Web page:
Book Review: “What Einstein Told His Cook”

As a mother of two young children, I rarely have the time, unless I’m half-asleep anyway, to read a book. It may take me a month or two to finish, but slow and steady is better than nothing at all! A few months ago I came across a book at a used book stand in my neighborhood titled, “What Einstein Told His Cook.” It piqued my interest, not only as a foodie at heart, but also my allure to the world of science.

I was expecting the language to be a bit dry at times, but I was pleasantly surprised how well the author, Robert L. Wolke, imparted such humor into complicated matters of food chemistry. It made me stop and think how much more I would have loved high school chemistry had I had the opportunity to work with a more enthusiastic and witty personality! But I suppose that goes with any subject in school, no?

“What Einstein Told His Cook,” delves into subjects, such as the process of refining sugar (you may be surprised to learn that “raw” sugar sold in organic and health sections of most supermarkets, really is still refined), the most efficient way in which to squeeze the most juice out of a lemon, and why you can’t use a liquid measuring cup to accurately measure dry ingredients.  There are some wonderful recipes dispersed throughout the book, ranging from a champagne gelatin dessert and homemade gravlax, to an autumn mushroom pie and ricotta fritters.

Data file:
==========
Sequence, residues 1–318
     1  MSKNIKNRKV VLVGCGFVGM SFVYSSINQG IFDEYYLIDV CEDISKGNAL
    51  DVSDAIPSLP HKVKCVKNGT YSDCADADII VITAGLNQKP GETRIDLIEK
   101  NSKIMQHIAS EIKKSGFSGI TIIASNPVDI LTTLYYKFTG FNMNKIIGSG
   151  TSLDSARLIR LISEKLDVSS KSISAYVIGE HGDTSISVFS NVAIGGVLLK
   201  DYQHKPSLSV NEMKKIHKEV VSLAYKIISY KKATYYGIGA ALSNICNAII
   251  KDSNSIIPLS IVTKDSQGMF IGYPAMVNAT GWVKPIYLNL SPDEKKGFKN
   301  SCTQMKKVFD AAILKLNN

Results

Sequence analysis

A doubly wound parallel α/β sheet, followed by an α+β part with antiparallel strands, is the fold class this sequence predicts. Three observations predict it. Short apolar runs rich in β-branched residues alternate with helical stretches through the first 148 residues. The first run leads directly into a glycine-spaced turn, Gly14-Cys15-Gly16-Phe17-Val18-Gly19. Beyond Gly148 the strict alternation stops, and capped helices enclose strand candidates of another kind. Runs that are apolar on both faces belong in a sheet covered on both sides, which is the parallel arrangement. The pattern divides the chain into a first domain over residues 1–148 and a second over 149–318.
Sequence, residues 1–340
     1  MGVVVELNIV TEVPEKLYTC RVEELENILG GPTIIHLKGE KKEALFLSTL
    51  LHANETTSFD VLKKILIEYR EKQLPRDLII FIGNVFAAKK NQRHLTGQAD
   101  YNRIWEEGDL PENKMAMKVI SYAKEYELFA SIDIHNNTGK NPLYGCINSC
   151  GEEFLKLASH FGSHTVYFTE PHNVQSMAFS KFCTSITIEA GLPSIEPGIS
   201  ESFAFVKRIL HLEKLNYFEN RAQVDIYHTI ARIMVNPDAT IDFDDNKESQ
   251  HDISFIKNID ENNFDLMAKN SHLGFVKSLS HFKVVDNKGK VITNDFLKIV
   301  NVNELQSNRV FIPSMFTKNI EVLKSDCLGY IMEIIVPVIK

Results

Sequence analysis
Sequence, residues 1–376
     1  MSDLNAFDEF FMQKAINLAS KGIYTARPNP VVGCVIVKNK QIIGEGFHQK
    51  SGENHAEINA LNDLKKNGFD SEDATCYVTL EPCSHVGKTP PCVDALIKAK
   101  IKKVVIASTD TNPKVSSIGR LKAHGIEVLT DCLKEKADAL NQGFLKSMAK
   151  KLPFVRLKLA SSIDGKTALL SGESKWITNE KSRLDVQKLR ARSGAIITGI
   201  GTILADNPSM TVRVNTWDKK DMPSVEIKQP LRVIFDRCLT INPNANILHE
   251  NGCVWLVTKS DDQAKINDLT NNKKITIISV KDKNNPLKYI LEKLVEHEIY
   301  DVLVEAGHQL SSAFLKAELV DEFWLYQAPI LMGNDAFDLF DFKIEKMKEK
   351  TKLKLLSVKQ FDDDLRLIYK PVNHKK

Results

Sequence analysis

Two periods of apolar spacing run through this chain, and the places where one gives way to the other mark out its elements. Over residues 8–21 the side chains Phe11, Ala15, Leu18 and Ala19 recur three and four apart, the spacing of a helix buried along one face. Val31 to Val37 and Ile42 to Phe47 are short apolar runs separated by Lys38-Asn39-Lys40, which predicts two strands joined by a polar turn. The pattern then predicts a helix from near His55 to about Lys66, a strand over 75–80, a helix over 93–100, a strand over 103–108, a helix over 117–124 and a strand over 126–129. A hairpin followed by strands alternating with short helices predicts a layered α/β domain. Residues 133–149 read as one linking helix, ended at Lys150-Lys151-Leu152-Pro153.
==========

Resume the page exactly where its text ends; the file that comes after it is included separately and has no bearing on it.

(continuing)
By all means, if you are interested in learning why various chemicals in your kitchen react in certain ways, or are simply curious to know how your microwave works to heat food on a molecular level, this book is a must-read. I know I enjoyed it!

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